The Social Entrepreneurship Leap with Matthew Abrams

That moment when a budding social entrepreneur is on the cusp of starting a potentially world-changing venture is equal parts thrilling and terrifying. I quickly saw for myself how important it is to learn from those who have been there, and one of the social entrepreneurs to whom I’ve always looked up is Matthew Abrams.

Matthew is the co-founder of Mycelium; an intergenerational learning program for social change agents. This summer they’re hosting the Startup Venture Journey, a 3-month program which supports social entrepreneurs with skill development, mentorship, connections to industry pros and the community needed to take their startup ventures to the next level.

He clearly knows what it takes to transform an idea to impact, so I sat down with him to ask him a few questions about his social entrepreneurial journey and what lessons he can share with fellow changemakers.

Q: If a reader is considering starting a social enterprise and wanted to know what the process was like, what would you say?

Of course this process is different for everyone, yet there is an archetypal story that is not only true for many, but was true for me as well.

When the vision of the social enterprise is let out of the feather-coated bubble wrap of the entrepreneur’s heart and mind and into the world, it’s like releasing a dove from a cage. It’s guided by wide eyes and a full heart and nothing can stop it from soaring. However, the pragmatism needed for creation is often overshadowed by passion and the pragmatism never leaves the cage. A hard lesson that many startup social entrepreneurs learn is that a successful venture is not viable on passion alone. Often comes the (humbling) moment when the venture hits some strong weather and needs to return back to the cage and weave pragmatism back in. This can be an incredibly painful phase because many of the values, virtues and passion of the entrepreneur are enmeshed with the enterprise and it can feel like a personal failure. However, to determine if the venture is worth pursuing, passion and pragmatism must find a way to co-exist. The earlier, the better.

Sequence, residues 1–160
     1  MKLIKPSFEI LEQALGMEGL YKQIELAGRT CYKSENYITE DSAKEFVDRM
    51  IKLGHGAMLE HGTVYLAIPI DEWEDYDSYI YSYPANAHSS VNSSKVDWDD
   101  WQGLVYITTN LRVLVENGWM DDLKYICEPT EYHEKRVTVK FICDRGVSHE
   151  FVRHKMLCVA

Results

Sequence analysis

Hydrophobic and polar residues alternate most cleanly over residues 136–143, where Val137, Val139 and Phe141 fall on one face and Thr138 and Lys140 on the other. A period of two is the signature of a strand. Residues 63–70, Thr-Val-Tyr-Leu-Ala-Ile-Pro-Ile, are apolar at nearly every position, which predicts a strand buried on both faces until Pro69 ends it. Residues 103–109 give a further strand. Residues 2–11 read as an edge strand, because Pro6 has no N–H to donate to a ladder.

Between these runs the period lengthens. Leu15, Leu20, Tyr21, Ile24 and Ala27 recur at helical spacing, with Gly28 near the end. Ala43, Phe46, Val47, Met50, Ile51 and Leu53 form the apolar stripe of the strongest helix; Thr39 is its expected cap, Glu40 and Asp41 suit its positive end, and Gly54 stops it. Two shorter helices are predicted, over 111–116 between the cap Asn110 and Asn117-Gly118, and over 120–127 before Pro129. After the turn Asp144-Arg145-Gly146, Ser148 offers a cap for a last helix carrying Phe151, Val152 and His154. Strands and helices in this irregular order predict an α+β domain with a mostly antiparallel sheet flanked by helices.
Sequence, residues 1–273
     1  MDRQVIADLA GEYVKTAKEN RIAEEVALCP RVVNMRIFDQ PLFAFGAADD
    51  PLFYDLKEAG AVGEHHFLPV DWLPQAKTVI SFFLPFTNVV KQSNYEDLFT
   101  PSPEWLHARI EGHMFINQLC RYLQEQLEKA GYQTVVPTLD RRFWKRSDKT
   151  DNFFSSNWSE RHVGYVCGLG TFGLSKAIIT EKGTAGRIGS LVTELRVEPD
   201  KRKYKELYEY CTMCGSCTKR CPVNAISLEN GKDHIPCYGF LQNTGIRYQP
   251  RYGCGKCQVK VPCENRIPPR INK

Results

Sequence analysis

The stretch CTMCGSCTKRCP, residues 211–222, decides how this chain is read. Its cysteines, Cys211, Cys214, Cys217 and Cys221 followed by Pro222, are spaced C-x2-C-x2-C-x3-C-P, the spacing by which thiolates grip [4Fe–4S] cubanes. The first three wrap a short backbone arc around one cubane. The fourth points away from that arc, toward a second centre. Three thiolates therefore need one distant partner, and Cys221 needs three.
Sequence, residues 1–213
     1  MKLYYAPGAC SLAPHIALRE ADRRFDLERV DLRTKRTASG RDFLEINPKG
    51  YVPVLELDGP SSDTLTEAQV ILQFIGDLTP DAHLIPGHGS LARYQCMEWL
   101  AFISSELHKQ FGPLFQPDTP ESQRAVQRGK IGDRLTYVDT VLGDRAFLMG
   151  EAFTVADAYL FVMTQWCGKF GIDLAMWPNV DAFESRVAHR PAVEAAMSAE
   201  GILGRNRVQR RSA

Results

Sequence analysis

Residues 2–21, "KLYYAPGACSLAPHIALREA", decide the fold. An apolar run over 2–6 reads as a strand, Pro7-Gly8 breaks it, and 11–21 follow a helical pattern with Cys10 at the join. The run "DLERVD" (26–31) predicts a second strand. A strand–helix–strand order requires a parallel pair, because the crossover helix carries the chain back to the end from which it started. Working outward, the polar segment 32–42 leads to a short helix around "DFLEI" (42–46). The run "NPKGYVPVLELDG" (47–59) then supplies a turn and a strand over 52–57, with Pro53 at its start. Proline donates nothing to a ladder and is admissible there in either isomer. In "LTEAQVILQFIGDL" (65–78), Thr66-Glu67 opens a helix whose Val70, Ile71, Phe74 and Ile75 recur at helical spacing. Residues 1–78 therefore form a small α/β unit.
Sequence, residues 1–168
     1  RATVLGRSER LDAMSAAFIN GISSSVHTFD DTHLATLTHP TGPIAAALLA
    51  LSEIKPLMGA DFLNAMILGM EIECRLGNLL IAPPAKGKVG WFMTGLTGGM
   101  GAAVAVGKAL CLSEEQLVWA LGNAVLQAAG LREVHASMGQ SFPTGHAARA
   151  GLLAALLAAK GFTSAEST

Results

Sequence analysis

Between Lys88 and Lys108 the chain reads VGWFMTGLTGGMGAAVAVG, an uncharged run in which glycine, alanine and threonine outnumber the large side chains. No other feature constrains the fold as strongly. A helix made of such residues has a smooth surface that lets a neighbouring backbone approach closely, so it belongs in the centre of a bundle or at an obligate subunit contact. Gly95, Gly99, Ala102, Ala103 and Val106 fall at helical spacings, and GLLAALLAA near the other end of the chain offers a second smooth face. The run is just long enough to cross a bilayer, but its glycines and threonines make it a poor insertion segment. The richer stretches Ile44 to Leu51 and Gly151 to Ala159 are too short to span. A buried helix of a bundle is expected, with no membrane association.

Q: What are the most common barriers getting in the way of changemakers getting started?

The short answer is resistance. In a great book called The War of Art, the author, Steven Pressfield says, “Most of us have two lives. The life we live and the unlived life within us. Between the two stands resistance.” The changemaker’s true work on this planet is to discover this life within us and then live it. There is so much magnetic chatter from friends, family, society, etc. telling us that we should be more responsible, conservative, financially secure, pragmatic, etc. The changemaker’s primary barrier is slaying those dragons and saying yes to the life they are on this planet to live. Everything after that — funding, building a team, finding mentors, business modeling, etc. — are simply hurdles that can be overcome so long as purpose, perseverance and common sense are there.